New Economic Developments in Peasant Life

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Author(s) Lenin
Written 1893


MIA-bannière.gif
(On V. Y. POSTNIKOV’S Peasant Farming in South Russia)

Written: in the spring of 1893
First published in 1923. Published according to the manuscript.
Source: Lenin Collected Works, Progress Publishers, Moscow, Volume , pages 11-74.


The article New Economic Developments in Peasant Life. (On V. Y. Postnikov’s Peasant Farming In South Russia) is the earliest of V. I. Lenin’s works that has been preserved. It was written in Samara in the spring of 1893, and the manuscript was read in circles attended by young Marxists of that town. Lenin intended to have it printed in the liberal magazine Russkaya Mysl (Russian Thought), published in Moscow, but it was rejected by the editorial board “as unsuited to the policy of the magazine.” In a letter dated May 30, 1894, Lenin said the following: “I was even naive enough to send it to Russkaya Mysl, but of course they turned it down. The thing became quite clear to me when I read in No. 2 of that magazine an article about Postnikov by ’our well-known’ liberal vulgarian, Mr. V. V. One must surely be an artist to be able to completely distort magnificent material and to obscure all the facts with phrase-mongering!”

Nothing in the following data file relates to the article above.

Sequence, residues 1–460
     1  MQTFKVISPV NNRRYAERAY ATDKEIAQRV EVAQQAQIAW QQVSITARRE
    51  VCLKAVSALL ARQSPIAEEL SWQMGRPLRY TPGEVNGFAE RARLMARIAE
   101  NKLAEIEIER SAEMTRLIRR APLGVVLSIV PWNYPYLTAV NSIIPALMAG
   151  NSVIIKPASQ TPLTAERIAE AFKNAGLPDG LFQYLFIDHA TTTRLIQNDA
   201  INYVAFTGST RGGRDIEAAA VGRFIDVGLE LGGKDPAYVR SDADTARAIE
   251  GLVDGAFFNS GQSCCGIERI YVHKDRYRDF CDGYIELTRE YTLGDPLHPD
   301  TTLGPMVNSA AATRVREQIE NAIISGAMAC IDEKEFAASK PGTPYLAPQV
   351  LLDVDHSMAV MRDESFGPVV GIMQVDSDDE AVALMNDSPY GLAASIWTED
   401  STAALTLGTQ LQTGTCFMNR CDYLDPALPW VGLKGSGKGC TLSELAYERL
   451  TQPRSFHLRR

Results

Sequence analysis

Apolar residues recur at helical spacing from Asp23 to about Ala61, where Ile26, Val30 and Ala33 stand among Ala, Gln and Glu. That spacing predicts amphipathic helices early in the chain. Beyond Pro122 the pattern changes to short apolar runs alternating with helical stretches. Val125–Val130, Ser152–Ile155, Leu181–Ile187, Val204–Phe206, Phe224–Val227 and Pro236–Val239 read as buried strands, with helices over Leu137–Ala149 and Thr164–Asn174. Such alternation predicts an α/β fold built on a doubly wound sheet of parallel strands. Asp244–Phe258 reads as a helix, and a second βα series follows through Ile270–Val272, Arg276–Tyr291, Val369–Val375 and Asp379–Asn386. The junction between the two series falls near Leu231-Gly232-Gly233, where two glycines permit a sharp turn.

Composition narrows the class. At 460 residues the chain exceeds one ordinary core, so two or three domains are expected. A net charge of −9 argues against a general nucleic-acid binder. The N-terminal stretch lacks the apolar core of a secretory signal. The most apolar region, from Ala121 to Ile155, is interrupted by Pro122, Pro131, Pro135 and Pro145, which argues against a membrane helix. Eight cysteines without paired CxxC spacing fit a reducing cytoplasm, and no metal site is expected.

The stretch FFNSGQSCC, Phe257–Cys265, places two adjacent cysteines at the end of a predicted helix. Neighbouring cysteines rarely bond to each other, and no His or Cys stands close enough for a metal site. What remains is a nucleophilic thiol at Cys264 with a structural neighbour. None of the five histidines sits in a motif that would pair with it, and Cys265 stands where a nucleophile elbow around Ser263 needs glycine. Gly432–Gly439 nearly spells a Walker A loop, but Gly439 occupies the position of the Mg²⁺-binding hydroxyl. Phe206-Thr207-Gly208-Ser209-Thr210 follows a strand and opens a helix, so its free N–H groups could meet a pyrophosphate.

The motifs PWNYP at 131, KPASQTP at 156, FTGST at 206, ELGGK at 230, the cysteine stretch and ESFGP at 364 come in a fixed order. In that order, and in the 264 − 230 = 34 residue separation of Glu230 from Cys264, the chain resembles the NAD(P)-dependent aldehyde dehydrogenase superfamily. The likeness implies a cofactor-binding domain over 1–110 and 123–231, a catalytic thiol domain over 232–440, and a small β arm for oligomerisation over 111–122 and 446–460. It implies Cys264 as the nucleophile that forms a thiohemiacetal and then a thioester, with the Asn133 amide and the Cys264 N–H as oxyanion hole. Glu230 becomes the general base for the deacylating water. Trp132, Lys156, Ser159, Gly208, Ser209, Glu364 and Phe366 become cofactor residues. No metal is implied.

The Institute of Marxism-Leninism of the CC CPSU possesses two manuscript copies of the article New Economic Developments in Peasant Life. The first (rough) copy was found among Lenin’s personal papers; the second, which contains some additions made by Lenin when it was finally copied, was handed by him to S. I. Mickiewicz, from whom it was confiscated during a search on December 3, 1894. The manuscript was discovered in 1923 in the records of the Moscow Law Court, and was then published for the first time in the miscellany The Twenty-Fifth Anniversary of the First Party Congress (1898 -1923). In the present edition the article New Economic Developments in Peasant Life is printed according to the text of the second manuscript, as corrected by V. I. Lenin.

The Institute of Marxism-Leninism also possesses a copy of V. Y. Postnikov’s book Peasant Farming in South Russia bearing Lenin’s comments.

Lenin used the most important material of this article in the second chapter of his The Development of Capitalism in Russia written in 1896-1899 and published in March 1899. (Note of the LCW edition)

I[edit source]

V. Y. Postnikov’s Peasant Farming in South Russia (Moscow, 1891, pp. XXXII + 391), which appeared two years ago, is an extremely detailed and thorough description of peasant farming in the Taurida, Kherson and Yekaterinoslav gubernias,[1] but chiefly in the mainland (northern) uyezds of Taurida Gubernia. This description is based firstly—and primarily—on the Zemstvo[2] statistical investigations of the three gubernias mentioned; and, secondly, on the author’s personal observations made partly in his official capacity,[3] and partly for the special purpose of studying peasant farming in 1887-1890.